UPDATED, Oct. 9: An estimated 25 people demonstrated in front of Town Hall on Saturday, Sept. 25, as Arlington Mothers Out Front asked the public to move away from using natural gas as an energy source and pleaded with National Grid to fix all 15 of the town’s big gas leaks by the legally mandated deadline, two years from official identification of the leak, or sooner.
Globe, Oct. 4: As Mass. envisions fossil fuel-free future, gas companies quietly invest billions in pipelines
Gas Leak Allies' report >>
Speaking a noon, Town Manager Adam Chapdelaine urged the public to push National Grid, the town’s gas provider, to repair large gas leaks, including one estimated at 9,000 square feet in front of Town Hall, which has killed a number of trees next to Mass. Ave.
Last of 3 demonstrations set
In 2016, Chapdelaine said, Mothers Out Front, in collaboration with his office and the gas leaks task force, identified and tagged 175 gas leaks in town. Five years later, he said such leaks in town have grown to 269. "The utilities have not made progress in fixing these gas leaks, in Arlington and across the state," Chapdelaine said.
The target date for National Grid to present a plan for achieving climate goals to the state is March 22.
The group was the host for the event and staffed an informational table in front of the Town Hall steps. Tables are planned near other large gas leaks for Saturday, Oct. 2, at Uncle Sam Plaza and Saturday, Oct. 9, from 10 to 1 p.m., at Town Hall Plaza. An earlier release said this event would be across from Arlington High.
Mothers Out Front, a grass-roots group working to ensure a livable climate for all children, has worked for years to draw attention to the pervasiveness and dangers of gas leaks in Massachusetts. Among thousands of leaks in the aging natural-gas infrastructure, the largest 7 percent of them account for 50 percent of all leak emissions. The leaks are large enough to affect an area at least 2,000 square feet, about the size of a tennis court. These large-volume gas leaks accelerate climate change and take a toll on public health, the group said in a news release.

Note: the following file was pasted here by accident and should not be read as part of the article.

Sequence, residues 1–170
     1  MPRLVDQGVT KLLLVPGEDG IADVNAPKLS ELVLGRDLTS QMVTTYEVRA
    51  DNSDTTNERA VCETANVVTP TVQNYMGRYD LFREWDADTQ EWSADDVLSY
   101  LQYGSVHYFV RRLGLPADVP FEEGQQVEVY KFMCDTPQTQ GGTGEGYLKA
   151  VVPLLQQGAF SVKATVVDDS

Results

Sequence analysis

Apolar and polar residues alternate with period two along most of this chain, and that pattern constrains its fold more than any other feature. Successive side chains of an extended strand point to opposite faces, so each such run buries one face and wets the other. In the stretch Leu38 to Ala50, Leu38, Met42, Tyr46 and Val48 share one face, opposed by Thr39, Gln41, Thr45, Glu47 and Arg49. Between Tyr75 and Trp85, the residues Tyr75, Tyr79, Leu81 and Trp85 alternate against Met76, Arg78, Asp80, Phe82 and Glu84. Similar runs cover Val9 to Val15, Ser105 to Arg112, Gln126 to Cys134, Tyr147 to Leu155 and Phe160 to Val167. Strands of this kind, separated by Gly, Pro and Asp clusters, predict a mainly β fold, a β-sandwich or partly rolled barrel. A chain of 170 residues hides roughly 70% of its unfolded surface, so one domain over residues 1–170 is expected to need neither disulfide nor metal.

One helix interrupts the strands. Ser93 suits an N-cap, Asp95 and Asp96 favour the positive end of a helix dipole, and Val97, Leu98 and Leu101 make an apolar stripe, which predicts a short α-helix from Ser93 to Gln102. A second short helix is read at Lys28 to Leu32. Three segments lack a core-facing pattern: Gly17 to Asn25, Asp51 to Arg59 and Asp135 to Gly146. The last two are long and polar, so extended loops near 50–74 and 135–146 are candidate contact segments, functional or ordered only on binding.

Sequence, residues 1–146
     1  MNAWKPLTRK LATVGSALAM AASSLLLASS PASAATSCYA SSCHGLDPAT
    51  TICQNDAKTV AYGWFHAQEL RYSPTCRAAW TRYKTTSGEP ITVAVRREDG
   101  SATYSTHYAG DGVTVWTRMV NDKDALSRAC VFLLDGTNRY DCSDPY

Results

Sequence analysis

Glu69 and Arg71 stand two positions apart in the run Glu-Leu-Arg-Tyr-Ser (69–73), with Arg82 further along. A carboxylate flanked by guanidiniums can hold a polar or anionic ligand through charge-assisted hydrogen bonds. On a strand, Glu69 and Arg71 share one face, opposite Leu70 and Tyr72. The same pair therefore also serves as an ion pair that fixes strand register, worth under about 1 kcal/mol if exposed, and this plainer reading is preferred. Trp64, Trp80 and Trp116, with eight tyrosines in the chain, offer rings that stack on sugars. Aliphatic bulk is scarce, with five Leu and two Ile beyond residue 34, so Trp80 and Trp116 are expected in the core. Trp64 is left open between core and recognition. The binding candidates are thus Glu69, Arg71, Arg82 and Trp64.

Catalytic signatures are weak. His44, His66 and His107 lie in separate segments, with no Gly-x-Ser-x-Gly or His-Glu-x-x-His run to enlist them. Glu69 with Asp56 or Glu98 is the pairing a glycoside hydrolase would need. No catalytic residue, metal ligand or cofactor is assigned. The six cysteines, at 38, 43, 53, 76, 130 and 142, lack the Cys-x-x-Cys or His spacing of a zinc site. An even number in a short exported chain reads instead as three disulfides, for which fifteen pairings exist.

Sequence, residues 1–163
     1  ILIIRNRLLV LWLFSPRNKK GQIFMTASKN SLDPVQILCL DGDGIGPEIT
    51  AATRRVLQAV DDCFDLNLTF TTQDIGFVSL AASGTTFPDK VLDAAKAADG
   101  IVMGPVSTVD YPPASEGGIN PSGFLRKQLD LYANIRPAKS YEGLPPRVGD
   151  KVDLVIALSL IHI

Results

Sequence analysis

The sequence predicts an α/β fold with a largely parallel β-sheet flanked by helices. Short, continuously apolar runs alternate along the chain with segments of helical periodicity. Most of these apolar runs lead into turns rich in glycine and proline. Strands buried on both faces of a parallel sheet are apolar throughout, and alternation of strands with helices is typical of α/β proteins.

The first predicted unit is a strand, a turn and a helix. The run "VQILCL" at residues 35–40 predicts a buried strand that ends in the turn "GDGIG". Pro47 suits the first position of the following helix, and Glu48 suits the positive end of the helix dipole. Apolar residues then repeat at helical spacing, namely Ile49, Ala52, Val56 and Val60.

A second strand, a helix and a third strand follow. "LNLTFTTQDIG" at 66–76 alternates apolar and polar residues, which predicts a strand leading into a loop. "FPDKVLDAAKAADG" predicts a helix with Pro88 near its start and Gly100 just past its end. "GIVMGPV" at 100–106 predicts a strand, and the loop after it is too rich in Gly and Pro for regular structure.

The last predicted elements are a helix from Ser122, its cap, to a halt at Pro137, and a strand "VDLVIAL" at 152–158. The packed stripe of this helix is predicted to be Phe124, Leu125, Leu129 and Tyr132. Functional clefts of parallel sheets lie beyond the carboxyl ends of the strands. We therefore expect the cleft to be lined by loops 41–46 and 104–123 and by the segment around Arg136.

Methane, the primary component of natural gas, is 86 times more potent than carbon dioxide as a greenhouse gas over the first 20 years in the atmosphere, according to a 2013 Intergovernmental Panel on Climate Change report.
Effects of leaks
Gas leaks are linked to many serious health problems and even premature death, the group's release said. Most at risk are children, the elderly and people with asthma, COPD or lung damage from Covid-19. Methane also kills street trees as it suffocates their roots, leading to heat islands and worsening air quality, exacerbating the dangers to public health. This occurred near Town Hall in 2018.
Fifteen known large gas leaks have been identified in Arlington. See information at www.heet.org, which reflects data from utility companies.
"These gas leaks must be repaired swiftly to stop the leaking of methane," the release says. "The utilities should not, however, invest in the replacement of gas infrastructure (except for essential safety reasons).
"Instead, the Mothers Out Front Future of Clean Heat Platform calls for the utilities to lead the way to replace fossil fuels in homes and buildings throughout Massachusetts with all-electric solutions that are safe, healthy and affordable for all. Through the use of renewable energy, electric heating and cooling technologies such as heat pumps, and programs to install better insulation, we can transition away from polluting and dangerous fossil fuels such as natural gas."
For more information about Arlington Mothers Out Front, click here >>
Supporting this effort is SustainableArlington.org, an Arlington group supporting a sustainable future in town since 1999.
July 25, 2020: Town group tracking gas leaks seeks scent of danger
This news announcement was published Saturday, Sept. 25, 2021, and updated Sept. 28, to change Oct. 2 location and clarify copy, as well as Oct. 1, to change headline, and Oct. 4 and 8, to add links. And on Oct. 9, to change location to Town Hall.
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